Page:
Lesson 5 of 13
Objective: SWBAT identify patterns on a hundreds chart. SWBAT use patterns and structure of the hundreds chart to identify missing numbers.
Objective and Hook
You counted to 100 all the time in K. Let’s sing a song to help us remember how we counted to 100!
Get fit and count to 100 song by Harry Kindergarten. Sing it two times. The first time, we will sing it all the way through. The second time, I'll explain that great mathematicians don’t have to count starting at 1, they can start anywhere and keep counting on. Start the song again somewhere in the middle, and have kids count to 100 starting at that random number (somewhere around 50).
We are going to be using big numbers in our story problems one day so we need to get really good at counting them in order. This will help us have a number line in our brains that we can use anywhere we go!
Your thinking job today is: How can I use what I know about a 100s chart to help me figure out missing numbers?
To set student engagement for the lesson, I'll start by saying, "Today I am going to try my best to trick you!! I am going to cover up a bunch of numbers and see if you can figure out what numbers are missing and then write those numbers in standard form. Before we do that though, I want us to look closely at the 100s chart."
Guiding Question: What do you notice about how the chart is set up? What do you notice about how the numbers change/stay the same?
I'll call on one student to share out to get the conversation started.
Partner Talk: What other things do you notice about how the chart is set up?
Possible Responses to listen for:
- The chart counts by 10s (10, 20, 30, etc).
- All the numbers start with 1 on this row, then 2 on this row, etc
- The numbers are getting bigger as I count.
- All the numbers have 1, 2, 3,4, 5, 6, 7, 8, 9 in them.
- If you go backwards, the numbers get smaller.
I'll call on a few students to share ideas about what they notice and chart these ideas.
After listing our ideas, we will chorally read the list they created.
Connect to Mystery Number Game:
- "We noticed so many new things about how the hundreds chart is set up! This is going to help us as we work on reading and writing the numbers to 100. Remember that our thinking job is: How can I use what I know about a hundreds chart to figure out missing numbers?"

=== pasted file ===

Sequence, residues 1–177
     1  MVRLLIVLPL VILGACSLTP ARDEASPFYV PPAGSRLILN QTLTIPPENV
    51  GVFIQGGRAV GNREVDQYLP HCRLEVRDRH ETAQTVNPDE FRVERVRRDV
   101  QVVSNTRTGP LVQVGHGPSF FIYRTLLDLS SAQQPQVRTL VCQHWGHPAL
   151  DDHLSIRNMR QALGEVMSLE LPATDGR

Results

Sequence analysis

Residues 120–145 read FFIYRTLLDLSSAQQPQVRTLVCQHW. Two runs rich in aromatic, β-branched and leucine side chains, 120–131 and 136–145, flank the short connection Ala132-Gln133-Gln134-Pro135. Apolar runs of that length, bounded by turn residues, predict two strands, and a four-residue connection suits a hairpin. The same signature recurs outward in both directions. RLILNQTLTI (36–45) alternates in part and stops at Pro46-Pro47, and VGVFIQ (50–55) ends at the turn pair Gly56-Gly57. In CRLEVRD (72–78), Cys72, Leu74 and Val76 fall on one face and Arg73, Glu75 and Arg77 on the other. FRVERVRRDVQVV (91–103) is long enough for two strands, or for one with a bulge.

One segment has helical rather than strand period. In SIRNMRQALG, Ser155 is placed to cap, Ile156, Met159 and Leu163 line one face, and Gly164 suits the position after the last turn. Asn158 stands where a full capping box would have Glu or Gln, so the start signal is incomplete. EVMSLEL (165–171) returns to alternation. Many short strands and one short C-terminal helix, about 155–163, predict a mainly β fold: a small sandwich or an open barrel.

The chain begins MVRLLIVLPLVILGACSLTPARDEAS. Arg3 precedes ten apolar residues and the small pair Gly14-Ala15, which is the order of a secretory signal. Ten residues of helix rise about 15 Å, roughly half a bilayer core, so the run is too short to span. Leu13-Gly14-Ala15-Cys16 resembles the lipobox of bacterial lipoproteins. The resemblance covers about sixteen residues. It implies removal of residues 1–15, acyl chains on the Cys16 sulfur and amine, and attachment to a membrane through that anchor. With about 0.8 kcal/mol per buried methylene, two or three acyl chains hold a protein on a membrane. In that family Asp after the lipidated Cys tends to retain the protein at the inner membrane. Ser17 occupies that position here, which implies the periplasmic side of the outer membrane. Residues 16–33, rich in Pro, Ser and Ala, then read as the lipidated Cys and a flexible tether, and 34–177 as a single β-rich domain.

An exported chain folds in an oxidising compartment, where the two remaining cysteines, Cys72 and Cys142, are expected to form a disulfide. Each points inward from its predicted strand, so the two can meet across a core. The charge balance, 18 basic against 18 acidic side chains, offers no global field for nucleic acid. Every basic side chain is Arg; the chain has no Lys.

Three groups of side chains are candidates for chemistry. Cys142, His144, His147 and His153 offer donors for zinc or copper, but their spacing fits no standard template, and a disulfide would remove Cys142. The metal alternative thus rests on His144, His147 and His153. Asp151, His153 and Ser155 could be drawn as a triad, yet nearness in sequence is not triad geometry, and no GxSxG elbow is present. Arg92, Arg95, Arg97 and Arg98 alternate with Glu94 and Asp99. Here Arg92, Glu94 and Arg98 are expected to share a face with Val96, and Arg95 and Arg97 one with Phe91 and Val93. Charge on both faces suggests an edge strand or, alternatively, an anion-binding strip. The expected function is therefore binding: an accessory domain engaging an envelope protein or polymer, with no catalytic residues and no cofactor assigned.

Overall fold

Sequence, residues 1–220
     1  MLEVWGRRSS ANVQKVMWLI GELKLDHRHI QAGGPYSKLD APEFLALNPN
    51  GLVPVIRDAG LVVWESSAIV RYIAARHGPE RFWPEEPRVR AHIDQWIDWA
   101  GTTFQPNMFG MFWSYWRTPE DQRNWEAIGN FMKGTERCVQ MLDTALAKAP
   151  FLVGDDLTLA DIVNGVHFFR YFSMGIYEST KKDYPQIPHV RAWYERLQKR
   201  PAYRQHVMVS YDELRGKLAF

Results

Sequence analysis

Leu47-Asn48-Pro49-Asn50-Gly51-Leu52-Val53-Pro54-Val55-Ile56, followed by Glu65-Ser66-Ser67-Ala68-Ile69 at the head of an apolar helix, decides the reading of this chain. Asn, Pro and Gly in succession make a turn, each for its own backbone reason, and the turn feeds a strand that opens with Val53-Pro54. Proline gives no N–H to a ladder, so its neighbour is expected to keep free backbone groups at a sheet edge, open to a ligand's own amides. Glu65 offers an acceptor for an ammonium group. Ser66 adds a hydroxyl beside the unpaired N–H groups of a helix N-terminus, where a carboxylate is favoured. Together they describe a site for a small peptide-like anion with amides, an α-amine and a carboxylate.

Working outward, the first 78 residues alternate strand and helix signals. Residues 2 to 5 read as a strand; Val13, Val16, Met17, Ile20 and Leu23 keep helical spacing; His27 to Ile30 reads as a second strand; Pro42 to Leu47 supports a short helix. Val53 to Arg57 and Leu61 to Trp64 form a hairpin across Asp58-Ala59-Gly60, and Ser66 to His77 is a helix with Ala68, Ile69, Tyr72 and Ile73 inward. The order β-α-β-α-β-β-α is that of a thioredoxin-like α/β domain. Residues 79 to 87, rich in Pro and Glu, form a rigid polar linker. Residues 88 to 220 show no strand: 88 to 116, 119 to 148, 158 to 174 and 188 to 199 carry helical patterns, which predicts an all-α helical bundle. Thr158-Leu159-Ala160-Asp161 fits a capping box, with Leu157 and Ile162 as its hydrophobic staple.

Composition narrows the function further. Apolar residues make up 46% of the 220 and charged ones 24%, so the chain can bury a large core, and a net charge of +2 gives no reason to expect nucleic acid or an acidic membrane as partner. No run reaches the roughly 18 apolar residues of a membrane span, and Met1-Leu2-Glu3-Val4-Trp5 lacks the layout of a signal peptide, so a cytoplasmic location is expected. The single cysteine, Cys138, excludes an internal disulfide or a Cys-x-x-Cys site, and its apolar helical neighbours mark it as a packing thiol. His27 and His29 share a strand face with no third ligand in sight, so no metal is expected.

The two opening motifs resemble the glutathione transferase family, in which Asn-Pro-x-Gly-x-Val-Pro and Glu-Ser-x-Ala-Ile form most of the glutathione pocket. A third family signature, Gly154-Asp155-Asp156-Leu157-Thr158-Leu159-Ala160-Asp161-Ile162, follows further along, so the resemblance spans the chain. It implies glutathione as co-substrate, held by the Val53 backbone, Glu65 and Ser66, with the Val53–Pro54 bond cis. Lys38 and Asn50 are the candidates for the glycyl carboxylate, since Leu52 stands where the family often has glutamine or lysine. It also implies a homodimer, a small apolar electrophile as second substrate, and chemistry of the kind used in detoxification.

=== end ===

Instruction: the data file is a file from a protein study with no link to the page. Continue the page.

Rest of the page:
- I will hide 1 number (students close eyes).
Guiding Question: What number is missing? How do you know?
**Push kids to articulate a coherent reason for why they know that number goes there. Start with a number under 10 to help focus them on the type of reasoning they can use**
I will hide 3 or 4 more numbers and follow this same routine.
Game Rules and Practice
I'll present the game to students and we will practice a few rounds together. My goal here is for students to connect the class discussion we just had with the routine of the game.
Missing Number Rules:
- Partner 1 covers up 3 numbers with counters. Partner 2 can’t look!
- Partner 2 opens eyes and guesses a number. Partner 1 shows them the number and says, “How do you know?” or “No, the answer was ___”.
- Partner 2 guesses all the other numbers. Partner 1 has to ask “How do you know” or “No the answer was…”
- Record the numbers that were hiding in standard form.
- Switch! Keep playing until time is up!
I'll model a few rounds on the class hundreds chart, while also referencing the chart from earlier-“I see you know that all the numbers on this row start with a 2-we noticed that earlier on our chart”.
Guiding Questions: These questions push students to explain their thinking more thoroughly, a key aspect of MP3, Construct viable arguments and critique the reasoning of others.
- What did ___ do to figure out the missing number?
- Is there another way we could figure out what number is missing?
- How would we write that number?
Students play the Missing Number game and record the numbers they find as they go on the recording sheet in the resource section. See attached video for an example of student identifying a missing number and explaining how he knew what number was there.
Students may need different levels of support in this game.
- Group A (in need of intervention): These students may play on the 50 chart to make sure they are solid on those numbers first.
- Group B (Right on track): Students will play as planned on the 100s chart.
- Group C (In need of extension): Students will play with the 120 chart and focus on how to write those numbers.
Today’s thinking job was: How can I use what I know about the hundreds chart to help me figure out missing numbers?
I will play one more round with students and close out the day.